Heart size-independent analysis of myocardial function in murine pressure overload hypertrophy.
Pressure overload cardiac hypertrophy may be a compensatory mechanism to normalize systolic wall stress and preserve left ventricular (LV) function. To test this concept, we developed a novel in vivo method to measure myocardial stress (sigma)-strain (epsilon) relations in normal and hypertrophied mice. LV volume was measured using two pairs of miniature omnidirectional piezoelectric crystals implanted orthogonally in the endocardium and one crystal placed on the anterior free wall to measure instantaneous wall thickness. Highly linear sigma-epsilon relations were obtained in control (n = 7) and hypertrophied mice produced by 7 days of transverse aortic constriction (TAC; n = 13). Administration of dobutamine in control mice significantly increased the load-independent measure of LV contractility, systolic myocardial stiffness. In TAC mice, systolic myocardial stiffness was significantly greater than in control mice (3,156 +/- 1,433 vs. 1,435 +/- 467 g/cm(2), P < 0.01), indicating enhanced myocardial contractility with pressure overload. However, despite the increased systolic performance, both active (time constant of LV pressure decay) and passive (diastolic myocardial stiffness constant) diastolic properties were markedly abnormal in TAC mice compared with control mice. These data suggest that the development of cardiac hypertrophy is associated with a heightened contractile state, perhaps as an early compensatory response to pressure overload.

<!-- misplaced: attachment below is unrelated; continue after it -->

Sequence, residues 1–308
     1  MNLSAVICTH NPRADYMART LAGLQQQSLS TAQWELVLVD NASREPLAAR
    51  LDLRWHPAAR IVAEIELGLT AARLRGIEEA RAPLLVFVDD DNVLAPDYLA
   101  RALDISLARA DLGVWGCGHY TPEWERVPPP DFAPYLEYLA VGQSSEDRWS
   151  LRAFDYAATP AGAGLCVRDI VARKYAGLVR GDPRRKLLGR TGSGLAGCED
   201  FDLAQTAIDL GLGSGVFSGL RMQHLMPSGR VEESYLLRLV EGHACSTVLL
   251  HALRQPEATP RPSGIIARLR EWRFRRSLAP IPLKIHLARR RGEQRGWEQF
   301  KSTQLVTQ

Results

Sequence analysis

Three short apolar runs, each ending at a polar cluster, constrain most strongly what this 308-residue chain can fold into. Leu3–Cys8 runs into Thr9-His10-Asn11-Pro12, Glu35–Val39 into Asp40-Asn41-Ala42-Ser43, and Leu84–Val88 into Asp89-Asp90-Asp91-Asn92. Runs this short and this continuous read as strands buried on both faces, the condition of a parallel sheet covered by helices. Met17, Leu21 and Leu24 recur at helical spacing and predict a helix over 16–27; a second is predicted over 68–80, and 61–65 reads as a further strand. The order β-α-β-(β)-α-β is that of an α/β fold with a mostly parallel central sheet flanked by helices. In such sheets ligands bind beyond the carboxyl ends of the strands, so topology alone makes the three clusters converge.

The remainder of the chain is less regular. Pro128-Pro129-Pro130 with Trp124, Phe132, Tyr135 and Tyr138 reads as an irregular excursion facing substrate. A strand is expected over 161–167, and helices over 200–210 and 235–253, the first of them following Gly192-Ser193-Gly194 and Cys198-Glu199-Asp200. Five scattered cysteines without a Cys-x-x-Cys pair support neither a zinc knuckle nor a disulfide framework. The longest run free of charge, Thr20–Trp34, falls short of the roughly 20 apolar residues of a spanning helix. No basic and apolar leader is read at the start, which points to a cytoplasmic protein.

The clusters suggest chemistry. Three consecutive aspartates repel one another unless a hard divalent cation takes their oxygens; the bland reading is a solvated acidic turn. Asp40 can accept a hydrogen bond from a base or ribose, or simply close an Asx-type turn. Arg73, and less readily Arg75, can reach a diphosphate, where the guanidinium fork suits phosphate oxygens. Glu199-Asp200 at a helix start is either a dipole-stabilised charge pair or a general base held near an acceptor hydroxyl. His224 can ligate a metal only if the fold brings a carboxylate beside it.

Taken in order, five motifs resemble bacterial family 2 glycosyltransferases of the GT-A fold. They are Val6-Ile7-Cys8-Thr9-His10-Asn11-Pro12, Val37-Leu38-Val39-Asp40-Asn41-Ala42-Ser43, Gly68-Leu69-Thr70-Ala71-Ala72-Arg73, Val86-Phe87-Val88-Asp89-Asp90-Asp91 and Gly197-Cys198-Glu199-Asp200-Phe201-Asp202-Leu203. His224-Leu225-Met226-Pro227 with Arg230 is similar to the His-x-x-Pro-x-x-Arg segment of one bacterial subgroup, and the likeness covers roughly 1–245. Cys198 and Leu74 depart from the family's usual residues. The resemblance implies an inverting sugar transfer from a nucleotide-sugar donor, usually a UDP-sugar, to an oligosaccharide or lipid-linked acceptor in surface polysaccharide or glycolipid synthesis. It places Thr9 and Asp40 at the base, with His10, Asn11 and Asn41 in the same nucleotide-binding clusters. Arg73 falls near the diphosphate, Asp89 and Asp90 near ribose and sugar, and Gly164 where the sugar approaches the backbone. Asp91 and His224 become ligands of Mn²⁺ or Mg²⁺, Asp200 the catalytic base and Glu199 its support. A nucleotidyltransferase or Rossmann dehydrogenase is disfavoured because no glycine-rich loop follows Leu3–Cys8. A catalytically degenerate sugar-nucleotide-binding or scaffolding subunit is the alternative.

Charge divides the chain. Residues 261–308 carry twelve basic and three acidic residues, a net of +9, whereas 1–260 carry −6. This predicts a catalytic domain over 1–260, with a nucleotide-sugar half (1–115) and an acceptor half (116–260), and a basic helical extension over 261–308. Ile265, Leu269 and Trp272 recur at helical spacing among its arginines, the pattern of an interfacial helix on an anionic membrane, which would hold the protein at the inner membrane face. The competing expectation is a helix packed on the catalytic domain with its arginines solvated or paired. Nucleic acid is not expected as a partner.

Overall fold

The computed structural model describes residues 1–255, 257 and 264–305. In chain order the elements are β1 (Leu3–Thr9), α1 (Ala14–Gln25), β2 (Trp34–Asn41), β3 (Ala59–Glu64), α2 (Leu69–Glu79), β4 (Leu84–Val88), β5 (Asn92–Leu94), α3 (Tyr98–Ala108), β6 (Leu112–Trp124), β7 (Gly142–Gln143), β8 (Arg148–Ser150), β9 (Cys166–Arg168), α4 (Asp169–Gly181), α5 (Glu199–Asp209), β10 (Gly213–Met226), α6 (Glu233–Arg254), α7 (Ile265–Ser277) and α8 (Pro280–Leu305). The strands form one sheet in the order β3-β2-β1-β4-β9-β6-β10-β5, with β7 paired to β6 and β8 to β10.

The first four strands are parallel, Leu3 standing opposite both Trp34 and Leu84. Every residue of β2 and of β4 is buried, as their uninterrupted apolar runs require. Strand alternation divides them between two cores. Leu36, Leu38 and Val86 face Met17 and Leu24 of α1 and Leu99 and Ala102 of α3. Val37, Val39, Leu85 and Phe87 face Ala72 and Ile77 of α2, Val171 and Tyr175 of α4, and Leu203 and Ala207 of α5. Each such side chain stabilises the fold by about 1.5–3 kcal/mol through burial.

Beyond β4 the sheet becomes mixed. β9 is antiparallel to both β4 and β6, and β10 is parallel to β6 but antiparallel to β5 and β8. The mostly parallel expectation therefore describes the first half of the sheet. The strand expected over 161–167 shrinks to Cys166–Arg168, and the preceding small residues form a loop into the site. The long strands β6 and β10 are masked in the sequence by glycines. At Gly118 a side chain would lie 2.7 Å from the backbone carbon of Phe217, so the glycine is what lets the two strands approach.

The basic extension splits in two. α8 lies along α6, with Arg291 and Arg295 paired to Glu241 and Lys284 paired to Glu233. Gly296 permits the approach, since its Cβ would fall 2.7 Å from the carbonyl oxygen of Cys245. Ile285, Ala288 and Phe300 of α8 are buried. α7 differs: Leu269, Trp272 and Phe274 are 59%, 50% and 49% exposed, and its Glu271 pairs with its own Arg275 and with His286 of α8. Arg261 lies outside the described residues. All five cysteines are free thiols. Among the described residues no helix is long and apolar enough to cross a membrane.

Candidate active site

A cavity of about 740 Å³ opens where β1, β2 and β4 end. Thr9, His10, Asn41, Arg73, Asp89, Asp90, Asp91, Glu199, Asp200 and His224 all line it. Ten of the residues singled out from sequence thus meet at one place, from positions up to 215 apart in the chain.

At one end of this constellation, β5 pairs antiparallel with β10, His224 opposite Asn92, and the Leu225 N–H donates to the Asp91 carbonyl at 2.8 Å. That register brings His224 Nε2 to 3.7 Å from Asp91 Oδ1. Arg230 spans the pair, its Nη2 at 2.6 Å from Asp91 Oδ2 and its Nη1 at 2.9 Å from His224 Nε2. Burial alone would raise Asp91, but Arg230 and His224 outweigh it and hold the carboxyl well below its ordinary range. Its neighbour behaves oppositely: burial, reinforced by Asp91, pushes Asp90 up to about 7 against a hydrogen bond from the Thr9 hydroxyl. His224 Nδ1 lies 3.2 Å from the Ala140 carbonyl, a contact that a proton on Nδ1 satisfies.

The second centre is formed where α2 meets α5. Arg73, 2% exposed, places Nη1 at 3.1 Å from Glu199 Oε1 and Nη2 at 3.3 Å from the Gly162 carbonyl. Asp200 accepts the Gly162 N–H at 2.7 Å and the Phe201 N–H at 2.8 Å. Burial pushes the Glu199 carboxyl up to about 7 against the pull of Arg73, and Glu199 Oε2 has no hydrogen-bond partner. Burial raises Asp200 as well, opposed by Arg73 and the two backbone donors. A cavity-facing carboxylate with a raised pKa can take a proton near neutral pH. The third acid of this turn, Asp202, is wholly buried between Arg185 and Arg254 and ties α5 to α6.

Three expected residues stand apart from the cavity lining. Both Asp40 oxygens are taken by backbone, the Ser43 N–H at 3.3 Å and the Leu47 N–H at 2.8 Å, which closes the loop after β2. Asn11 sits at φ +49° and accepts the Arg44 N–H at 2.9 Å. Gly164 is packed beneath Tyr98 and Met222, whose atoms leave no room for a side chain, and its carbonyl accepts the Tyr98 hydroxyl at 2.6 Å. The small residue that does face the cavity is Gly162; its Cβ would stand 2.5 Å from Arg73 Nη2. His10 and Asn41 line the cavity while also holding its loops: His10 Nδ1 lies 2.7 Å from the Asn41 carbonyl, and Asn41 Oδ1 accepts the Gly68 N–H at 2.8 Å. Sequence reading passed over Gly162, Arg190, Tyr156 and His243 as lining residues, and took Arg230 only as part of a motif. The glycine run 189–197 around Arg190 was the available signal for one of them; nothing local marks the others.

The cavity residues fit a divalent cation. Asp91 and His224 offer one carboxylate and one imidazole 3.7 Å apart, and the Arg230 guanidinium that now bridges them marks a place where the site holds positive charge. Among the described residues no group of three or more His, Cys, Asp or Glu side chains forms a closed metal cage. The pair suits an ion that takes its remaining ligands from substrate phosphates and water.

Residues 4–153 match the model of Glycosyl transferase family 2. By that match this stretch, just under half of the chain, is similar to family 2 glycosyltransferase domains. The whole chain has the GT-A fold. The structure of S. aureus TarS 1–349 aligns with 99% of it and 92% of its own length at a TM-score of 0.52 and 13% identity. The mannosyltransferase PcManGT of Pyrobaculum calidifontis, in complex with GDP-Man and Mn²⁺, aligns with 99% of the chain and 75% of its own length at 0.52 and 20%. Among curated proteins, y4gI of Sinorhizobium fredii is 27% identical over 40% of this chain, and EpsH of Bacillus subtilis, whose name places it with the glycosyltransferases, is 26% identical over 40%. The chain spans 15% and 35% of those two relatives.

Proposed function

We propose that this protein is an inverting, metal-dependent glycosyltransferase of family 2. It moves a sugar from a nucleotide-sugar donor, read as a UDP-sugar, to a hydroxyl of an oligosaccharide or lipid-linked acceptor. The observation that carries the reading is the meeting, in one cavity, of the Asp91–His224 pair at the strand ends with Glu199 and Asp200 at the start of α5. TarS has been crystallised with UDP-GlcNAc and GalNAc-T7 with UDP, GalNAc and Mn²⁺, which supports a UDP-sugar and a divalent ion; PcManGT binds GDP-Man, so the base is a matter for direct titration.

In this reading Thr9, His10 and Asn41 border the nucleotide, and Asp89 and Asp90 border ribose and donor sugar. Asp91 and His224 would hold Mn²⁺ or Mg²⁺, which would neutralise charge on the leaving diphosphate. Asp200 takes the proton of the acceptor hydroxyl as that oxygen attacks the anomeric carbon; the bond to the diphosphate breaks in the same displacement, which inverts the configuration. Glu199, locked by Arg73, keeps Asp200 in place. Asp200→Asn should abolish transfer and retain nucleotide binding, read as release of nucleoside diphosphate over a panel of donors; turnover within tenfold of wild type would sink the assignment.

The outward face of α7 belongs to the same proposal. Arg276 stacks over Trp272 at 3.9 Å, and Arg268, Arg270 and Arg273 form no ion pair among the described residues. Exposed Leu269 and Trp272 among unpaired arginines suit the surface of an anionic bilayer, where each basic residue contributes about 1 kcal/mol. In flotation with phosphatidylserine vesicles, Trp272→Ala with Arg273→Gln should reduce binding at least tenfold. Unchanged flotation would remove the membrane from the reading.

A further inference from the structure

Takaoka, H; Esposito, G; Mao, L; Suga, H; Rockman, HA
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